Surviving a Business Disaster or Disruption

Unplanned events happen in business all the time: a staff member can phone in sick, a computer can break, a customer order can get lost, a project can overrun. As a business leader you have to be adept at dealing with this ebb and flow. What about when a major problem occurs, though? How would your business survive major disruption or disaster?

Business Disaster

 

This could happen in a number of different areas:

 

  • Staff – particularly if you are a small business. In a large organisation, three or four people leaving or becoming unavailable for work is an everyday issue that has to be dealt with. In a small business with less than 10 people, losing four members of staff is a significant event.
  • Premises – fire, water damage, break-ins, vandalism etc, or loss of power for a prolonged period of time
  • Equipment – failure of equipment including POS equipment, vehicles, machines in a production line, etc
  • Technology – data loss, issues with your website, or other technological failures

 

The way to deal with these issues is to have a plan. This is often referred to as business continuity planning or business continuity management. It involves identifying the areas where your business is at risk, and putting in place processes or solutions to mitigate them.

 

The Risk

Not having such a plan in place can have a dramatic impact on a business. This includes:

  • Business failure – if you lose too much money before you recover the situation
  • Loss of income – the question in a business disaster is how much income you will lose, rather than if you will lose income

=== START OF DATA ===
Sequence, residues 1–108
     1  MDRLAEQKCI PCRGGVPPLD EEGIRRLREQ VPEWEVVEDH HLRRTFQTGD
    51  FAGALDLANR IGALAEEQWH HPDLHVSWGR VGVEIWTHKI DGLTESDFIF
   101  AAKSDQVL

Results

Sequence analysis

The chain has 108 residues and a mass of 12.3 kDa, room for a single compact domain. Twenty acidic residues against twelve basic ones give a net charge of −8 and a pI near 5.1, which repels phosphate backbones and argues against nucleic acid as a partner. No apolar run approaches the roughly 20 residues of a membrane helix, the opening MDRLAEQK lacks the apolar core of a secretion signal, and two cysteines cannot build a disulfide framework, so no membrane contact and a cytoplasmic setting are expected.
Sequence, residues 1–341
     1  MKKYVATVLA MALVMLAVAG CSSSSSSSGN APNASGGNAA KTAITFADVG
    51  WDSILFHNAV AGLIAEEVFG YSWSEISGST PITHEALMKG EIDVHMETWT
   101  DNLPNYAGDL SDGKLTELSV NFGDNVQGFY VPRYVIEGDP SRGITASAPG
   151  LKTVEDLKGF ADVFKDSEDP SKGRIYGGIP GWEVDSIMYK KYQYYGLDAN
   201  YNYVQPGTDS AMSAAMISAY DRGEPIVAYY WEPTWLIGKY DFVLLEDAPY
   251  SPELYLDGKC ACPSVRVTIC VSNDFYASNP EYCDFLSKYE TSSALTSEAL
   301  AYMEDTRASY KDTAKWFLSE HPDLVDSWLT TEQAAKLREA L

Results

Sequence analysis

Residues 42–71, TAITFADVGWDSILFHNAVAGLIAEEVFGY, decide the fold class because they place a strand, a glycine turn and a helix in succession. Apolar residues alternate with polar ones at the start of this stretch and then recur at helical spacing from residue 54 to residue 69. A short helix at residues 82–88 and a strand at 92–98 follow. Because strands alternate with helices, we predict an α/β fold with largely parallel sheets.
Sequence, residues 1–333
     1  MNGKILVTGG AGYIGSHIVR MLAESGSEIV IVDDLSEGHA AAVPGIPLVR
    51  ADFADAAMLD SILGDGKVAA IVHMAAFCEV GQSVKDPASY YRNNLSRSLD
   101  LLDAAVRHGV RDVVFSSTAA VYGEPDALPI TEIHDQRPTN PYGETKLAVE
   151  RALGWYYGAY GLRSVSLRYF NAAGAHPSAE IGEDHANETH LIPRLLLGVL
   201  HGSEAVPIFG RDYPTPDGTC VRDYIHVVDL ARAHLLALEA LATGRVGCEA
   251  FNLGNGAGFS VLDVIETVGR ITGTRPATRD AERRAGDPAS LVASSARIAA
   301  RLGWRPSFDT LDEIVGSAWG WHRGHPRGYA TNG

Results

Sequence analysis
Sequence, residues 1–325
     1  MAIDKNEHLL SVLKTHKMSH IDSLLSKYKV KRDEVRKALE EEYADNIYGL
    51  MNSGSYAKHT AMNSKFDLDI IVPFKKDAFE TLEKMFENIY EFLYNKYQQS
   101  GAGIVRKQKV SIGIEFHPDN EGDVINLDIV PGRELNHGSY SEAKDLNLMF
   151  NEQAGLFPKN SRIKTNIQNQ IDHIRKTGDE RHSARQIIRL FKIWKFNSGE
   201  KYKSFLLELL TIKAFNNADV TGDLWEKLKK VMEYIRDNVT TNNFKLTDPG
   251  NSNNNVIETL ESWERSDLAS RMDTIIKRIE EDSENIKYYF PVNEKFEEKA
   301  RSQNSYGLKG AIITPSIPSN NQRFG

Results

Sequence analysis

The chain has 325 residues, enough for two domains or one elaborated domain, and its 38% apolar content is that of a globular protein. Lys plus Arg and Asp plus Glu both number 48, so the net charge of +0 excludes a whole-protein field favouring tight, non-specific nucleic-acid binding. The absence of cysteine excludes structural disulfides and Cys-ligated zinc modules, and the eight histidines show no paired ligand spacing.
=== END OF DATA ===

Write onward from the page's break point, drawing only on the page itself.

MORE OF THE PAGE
• Loss of customers – for example, you could have insurance to recover the physical losses you suffer as the result of a fire, but while you are unable to offer a service your customers could move elsewhere – permanently
  • Reputation damage – how will potential business disasters affect your reputation?
  • Legal penalties – some business disasters can result in fines or other penalties
  • Staffing – the impact of disasters on your team can be varied, including staff leaving
  • Increased costs – in disaster recovery, increased insurance premiums, and other areas

Business Continuity

Having a plan to maintain business continuity involves ensuring that critical services are maintained, and that your team understands their responsibilities.

Here is an example of how you can do that:

  1. List and prioritise the critical functions in your business
  2. List the risks that your business faces – issues with staff, fire, technology failures, etc
  3. Write a plan for how you will deal with the critical functions if one of the risks materialises
  4. Put in place the extra resources or equipment required to deliver the plan (see below)
  5. Discuss the plan with your team and make sure each individual understands what they need to do
  6. Test the plan by running simulated scenarios

The solutions you put in place in point four of the list above will depend on your business and the risk that you are planning for, but it could include any of the following

  • Additional staff training
  • Cloud backup solutions
  • Getting access to a generator
  • Plans to allow staff to work from home
  • Getting access to an alternative building
  • Hiring replacement equipment, vehicles or machinery
  • Additional layers of IT security
  • Additional staff training in IT security (because most IT breaches are the result of people, not equipment)
  • Relationships with other businesses or contractors who can step in during periods of staff shortage
  • And many more

Crucially, plans should also be put in place to communicate with your customers. One of the biggest issues that customers have when problems arise, particularly major problems, is a lack of information. So make sure you include a plan to effectively communicate during a disaster or major period of disruption.

Most businesses suffer at some stage from a significant event that could be described as a disaster, so having a plan in place is important.


Need some IT Disaster Recovery Assistance?

If you wish to discuss your IT systems business continuity and disaster recovery or require guidance in setting this up contact our IT Services team and we can happily assist.

http://www.gilroygannon.com/technology-solutions/

 

Posted in Business Services, Information Technology, Small Business.